Features November 1, 2000 Issue

Offshore Log:
On The Road to Bali

It’s a strange cruise up the Queensland coast, replete with saltwater crocodiles, sea snakes, brawling prawn fishermen and a deserted pearl farm.

The problem was that we arrived at Thursday on Saturday. Thursday was closed on both Saturday and Sunday, and wasn’t open by the time we left on Monday morning. That’s Thursday Island, Australia, just off Cape York, northernmost point on the Australian continent. When it’s closed, it’s really closed.

Only 1.2 knots of wind on the way to Darwin, Australia.

Arriving on the weekend meant no way to buy fuel. No more fuel meant using our last 70 gallons carefully on the 800-mile trip from Thursday Island to Darwin, Australia. That 70 gallons would be good for at least 450 miles, so we only needed to sail for about 350 miles to be sure of making it. That shouldn’t be a problem in one of the windiest regions of the world, right?


We had already motored or motorsailed about 450 miles on our 1,300-mile trip up inside the Great Barrier reef from Brisbane to Thursday Island. This was very strange. Friends just a few weeks before had roared up the same coast with 25 to 30 knots aft of abeam, and we were motoring in oily calms.

The sea was sometimes so glassy that you could see brilliant yellow sea snakes undulating on the surface 100 yards away. The few dolphins that came to play with us (they are shy of boats under power as the area is heavily fished by prawn trawlers who undoubtedly accidentally net dolphins as well) were clearly visible 50 or more feet under the surface.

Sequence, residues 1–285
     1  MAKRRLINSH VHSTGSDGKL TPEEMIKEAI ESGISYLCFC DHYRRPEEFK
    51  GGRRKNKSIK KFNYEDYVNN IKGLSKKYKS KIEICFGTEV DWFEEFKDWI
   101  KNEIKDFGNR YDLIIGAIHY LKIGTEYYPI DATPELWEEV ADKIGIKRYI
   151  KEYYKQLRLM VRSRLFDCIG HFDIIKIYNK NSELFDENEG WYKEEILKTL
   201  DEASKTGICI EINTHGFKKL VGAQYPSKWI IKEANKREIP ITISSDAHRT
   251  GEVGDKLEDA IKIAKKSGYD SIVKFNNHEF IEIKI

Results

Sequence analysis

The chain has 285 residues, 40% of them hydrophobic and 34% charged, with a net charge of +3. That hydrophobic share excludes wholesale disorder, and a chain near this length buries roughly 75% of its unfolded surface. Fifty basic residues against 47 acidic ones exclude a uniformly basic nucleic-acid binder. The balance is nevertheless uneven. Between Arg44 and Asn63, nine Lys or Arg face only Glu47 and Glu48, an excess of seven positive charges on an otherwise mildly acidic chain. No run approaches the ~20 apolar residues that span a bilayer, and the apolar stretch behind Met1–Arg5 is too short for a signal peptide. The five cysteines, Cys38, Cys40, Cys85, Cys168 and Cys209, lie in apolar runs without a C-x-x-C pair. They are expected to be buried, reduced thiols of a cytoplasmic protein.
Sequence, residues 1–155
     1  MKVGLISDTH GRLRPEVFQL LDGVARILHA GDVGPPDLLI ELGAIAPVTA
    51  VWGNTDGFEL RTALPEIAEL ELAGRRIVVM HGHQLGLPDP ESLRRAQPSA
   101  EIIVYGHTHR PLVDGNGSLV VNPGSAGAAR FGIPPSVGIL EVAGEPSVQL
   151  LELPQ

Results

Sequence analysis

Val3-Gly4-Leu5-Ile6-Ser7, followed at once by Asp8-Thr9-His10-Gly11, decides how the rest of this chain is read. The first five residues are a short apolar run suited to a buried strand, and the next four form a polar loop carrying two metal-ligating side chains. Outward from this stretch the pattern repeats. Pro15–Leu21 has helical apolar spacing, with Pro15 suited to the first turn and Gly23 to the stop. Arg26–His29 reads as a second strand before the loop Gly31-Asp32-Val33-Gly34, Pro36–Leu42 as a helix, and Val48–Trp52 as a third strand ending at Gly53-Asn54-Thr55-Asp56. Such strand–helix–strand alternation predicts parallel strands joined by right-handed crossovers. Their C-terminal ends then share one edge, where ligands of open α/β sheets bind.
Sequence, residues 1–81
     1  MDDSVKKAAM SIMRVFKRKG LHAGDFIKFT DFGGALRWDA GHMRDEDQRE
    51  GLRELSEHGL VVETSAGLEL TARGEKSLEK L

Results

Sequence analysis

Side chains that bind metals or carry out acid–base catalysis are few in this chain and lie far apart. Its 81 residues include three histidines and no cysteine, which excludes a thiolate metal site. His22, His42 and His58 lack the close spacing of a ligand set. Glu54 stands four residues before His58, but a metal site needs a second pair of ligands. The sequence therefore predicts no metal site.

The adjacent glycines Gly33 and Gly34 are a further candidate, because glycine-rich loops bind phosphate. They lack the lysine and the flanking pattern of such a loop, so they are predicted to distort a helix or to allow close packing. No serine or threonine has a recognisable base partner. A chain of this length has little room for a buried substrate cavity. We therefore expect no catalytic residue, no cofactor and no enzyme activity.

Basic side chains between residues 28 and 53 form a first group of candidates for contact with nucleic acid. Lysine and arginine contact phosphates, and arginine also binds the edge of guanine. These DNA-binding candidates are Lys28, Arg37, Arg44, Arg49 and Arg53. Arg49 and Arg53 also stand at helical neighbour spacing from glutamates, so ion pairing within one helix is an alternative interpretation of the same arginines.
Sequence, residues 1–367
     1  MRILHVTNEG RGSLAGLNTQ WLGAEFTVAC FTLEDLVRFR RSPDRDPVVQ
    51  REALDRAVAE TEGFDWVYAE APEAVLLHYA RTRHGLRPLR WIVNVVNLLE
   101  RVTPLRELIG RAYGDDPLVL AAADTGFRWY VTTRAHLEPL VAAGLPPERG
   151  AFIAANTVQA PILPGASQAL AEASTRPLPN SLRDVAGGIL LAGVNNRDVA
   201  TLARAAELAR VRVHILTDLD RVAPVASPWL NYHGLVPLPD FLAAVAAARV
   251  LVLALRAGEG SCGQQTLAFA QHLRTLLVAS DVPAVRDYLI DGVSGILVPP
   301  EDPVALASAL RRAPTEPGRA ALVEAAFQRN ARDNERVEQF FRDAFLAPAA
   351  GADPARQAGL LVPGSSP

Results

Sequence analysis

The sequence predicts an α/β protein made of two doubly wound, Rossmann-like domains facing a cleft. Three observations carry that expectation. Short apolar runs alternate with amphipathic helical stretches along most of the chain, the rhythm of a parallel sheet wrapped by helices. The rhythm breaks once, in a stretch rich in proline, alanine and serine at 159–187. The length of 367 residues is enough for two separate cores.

Coupled with the bizarre, otherworldly terrain of the northeast coast of Australia, our calm seas produced a feeling of being on another planet. Only frequent encounters with big ships or trawlers in the confined waters inside the Barrier Reef reminded us we were still on planet Earth.

That was more than enough reminder. On this route, you and the ships share the same piece of water, for there is no place else to go. The inside route has choke points a half mile wide, and rarely has more than a few miles of safe water between the coral teeth of the reefs and the shockingly shoal coastal shelf. The ships move north and south at 20 knots with only a few feet of water under their keels. Pilots are required along the entire inside route.

We thought of Captain James Cook, who explored these waters almost 250 years ago in a ship that could barely get out of its own way. What astonishing men these early explorers were! How easy we have it with our weatherly little ship and diesel engine.

Today, this area is overrun with prawn trawlers, beautiful little steel or wood ships from 40 to 65 feet long that stay out for months at a time, selling their catch to motherships.